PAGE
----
The number of people who had their disability benefits stopped for failing to return a reassessment form plummeted following the death of a young disabled mum in 2019, new figures have revealed.
The figures show that, from 2016 to 2019, there were roughly 20,000 “disallowances” a year of disability living allowance (DLA) from disabled people who had failed to return the PIP2 re-assessment form to apply for the new personal independence payment (PIP) benefit.
The number of monthly disallowances reached nearly 3,000 in September 2019, according to the figures obtained by Disability News Service following a freedom of information request.
The following month, 27-year-old Philippa Day (pictured, with her son), from Nottingham, died in hospital after falling into a coma on 7 or 8 August 2019.
A coroner later concluded that flaws in the PIP system were “the predominant factor and the only acute factor” that led to her taking her own life.
Her life had begun to spiral out of control in January 2019 when DWP stopped her DLA after it did not receive the PIP2 form she had posted to the department.
From November 2019, the number of DLA disallowances for failing to return the PIP2 form began to fall.
The following year, there were less than 9,000 DLA disallowances – a fall of more than 10,000 in just one year – in 2021 there were about 5,000, and in the year to October 2022 there were just 4,000, with an average of about 400 a month, compared with 2,898 in September 2019.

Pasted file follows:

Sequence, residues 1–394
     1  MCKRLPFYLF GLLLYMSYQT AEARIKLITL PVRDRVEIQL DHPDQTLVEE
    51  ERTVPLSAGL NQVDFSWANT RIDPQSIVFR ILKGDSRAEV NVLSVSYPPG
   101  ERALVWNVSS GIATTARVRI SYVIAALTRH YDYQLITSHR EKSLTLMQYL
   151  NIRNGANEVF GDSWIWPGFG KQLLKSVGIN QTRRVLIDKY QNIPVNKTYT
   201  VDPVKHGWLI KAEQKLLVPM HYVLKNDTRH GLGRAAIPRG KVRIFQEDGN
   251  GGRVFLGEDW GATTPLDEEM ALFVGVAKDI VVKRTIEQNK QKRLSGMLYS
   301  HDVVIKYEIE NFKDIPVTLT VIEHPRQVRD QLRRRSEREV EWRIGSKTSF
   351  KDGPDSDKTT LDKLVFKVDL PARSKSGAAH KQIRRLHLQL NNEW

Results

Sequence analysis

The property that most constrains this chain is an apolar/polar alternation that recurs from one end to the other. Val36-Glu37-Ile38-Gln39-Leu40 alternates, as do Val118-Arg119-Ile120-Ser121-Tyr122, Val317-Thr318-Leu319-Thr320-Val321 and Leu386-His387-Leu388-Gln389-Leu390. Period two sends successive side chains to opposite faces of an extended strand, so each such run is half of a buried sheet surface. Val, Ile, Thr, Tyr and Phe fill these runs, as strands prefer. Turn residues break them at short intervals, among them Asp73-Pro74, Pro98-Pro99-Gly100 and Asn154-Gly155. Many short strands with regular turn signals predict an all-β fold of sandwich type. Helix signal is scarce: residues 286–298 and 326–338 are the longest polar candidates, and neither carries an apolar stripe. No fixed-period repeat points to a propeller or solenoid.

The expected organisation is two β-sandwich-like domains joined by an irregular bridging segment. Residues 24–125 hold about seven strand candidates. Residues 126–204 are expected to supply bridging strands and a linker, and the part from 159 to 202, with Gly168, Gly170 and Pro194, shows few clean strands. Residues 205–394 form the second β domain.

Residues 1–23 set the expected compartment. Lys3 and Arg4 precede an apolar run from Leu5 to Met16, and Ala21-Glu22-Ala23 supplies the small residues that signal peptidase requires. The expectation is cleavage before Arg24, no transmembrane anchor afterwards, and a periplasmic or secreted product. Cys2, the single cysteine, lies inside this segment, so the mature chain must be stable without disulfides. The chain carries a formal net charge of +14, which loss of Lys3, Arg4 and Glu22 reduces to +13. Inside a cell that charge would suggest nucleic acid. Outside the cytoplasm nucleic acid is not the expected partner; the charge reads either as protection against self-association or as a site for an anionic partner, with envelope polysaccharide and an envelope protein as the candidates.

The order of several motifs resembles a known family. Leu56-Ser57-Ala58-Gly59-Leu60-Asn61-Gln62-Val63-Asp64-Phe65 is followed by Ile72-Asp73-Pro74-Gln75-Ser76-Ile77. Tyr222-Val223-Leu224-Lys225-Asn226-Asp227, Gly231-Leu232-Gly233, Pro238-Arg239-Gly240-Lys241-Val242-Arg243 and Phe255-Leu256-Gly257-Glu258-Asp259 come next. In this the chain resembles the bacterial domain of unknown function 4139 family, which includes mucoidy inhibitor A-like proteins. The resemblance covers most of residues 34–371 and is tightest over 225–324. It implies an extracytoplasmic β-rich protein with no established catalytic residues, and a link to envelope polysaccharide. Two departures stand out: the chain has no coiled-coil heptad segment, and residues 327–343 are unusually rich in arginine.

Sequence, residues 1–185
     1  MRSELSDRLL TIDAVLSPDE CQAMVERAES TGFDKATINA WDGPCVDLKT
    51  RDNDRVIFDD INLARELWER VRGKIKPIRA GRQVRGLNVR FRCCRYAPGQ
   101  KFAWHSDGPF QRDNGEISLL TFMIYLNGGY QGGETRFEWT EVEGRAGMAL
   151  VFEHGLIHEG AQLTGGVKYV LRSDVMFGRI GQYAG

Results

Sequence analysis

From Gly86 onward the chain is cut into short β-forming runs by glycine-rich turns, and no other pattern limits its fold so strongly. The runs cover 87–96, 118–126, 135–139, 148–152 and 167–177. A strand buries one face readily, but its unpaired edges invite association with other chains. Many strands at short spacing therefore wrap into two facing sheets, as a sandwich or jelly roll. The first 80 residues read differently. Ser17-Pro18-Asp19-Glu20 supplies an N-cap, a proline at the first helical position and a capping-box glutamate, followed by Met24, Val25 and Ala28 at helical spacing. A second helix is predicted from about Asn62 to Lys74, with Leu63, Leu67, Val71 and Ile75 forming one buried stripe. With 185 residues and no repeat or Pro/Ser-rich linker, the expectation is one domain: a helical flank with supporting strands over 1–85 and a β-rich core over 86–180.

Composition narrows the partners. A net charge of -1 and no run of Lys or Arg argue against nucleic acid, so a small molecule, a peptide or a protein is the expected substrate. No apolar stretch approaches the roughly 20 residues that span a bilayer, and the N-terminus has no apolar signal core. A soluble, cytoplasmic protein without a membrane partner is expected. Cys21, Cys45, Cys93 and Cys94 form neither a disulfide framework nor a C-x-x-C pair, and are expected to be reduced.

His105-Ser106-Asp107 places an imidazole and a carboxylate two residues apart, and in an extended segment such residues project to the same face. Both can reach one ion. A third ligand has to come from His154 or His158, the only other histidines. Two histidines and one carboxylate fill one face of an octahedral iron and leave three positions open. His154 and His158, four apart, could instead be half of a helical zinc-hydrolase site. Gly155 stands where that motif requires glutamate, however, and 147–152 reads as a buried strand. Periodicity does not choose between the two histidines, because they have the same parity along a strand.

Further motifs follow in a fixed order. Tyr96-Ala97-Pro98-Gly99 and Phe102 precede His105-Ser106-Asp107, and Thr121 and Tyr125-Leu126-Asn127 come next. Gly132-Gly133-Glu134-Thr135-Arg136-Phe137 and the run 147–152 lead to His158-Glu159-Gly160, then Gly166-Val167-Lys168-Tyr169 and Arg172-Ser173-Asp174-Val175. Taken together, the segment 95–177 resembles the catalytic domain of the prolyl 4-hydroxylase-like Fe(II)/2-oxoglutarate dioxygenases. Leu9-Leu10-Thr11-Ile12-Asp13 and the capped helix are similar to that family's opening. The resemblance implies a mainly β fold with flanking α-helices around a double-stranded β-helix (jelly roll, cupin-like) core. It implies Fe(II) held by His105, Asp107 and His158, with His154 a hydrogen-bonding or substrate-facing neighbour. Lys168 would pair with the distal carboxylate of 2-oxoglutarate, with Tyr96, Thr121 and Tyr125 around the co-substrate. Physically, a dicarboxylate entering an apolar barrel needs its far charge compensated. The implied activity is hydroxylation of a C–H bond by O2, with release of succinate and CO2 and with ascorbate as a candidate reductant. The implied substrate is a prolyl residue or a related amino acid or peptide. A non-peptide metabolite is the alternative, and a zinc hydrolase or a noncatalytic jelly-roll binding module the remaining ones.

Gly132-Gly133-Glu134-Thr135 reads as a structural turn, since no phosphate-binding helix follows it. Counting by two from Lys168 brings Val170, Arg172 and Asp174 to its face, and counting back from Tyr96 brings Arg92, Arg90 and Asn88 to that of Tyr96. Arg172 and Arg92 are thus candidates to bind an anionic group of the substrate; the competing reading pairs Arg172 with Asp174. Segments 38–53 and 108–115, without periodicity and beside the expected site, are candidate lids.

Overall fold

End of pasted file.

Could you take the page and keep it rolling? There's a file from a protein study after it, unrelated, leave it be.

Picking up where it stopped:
DWP refused to say this week if it took action in late 2019 or early 2020 as a direct result of Philippa Day’s death.
Marsha De Cordova, the disabled Labour MP who has been asking parliamentary questions about disallowances, said: “It is completely wrong and unacceptable that nearly 20,000 people a year between 2016 and 2019 had their DLA and PIP disallowed due to them not returning their reassessment forms.
“This has led to hardship for many ill and disabled people and in some cases death, such as that of Philippa Day.
“By failing to implement safeguards until 2019, it shows the level of disdain the government have for disabled people.
“All the evidence shows how the Conservatives in government have created a hostile environment for disabled people.
“The government must apologise to everyone that has been impacted by this cruel policy, commit to greater transparency and ensuring that no-one is left worse off for not returning their reassessment forms.”
Philippa Day’s sister Imogen said the number of disallowances in the years before her sister’s death was “horrifying” and “shocking”.
She said she was “terrified” by the thought that other disabled people could have lost their lives because they had unfairly lost their DLA.
She said the figures appeared to show a clear decline in disallowances in the months after her sister’s death.
She said: “I am pleased that it’s downward trending but it’s still not enough.”
DWP refused to say if it took action on DLA disallowances after it learned of Philippa Day’s death; refused to apologise for those who lost their lives after having their DLA removed for not returning their PIP2 forms; and refused to say how many other claimants it believed had lost their lives in similar circumstances.
But a DWP spokesperson said in a statement: “To ensure we continue to provide the necessary protection and support to our most vulnerable customers we keep our processes under constant review and ensure all staff are provided with appropriate guidance and training.”
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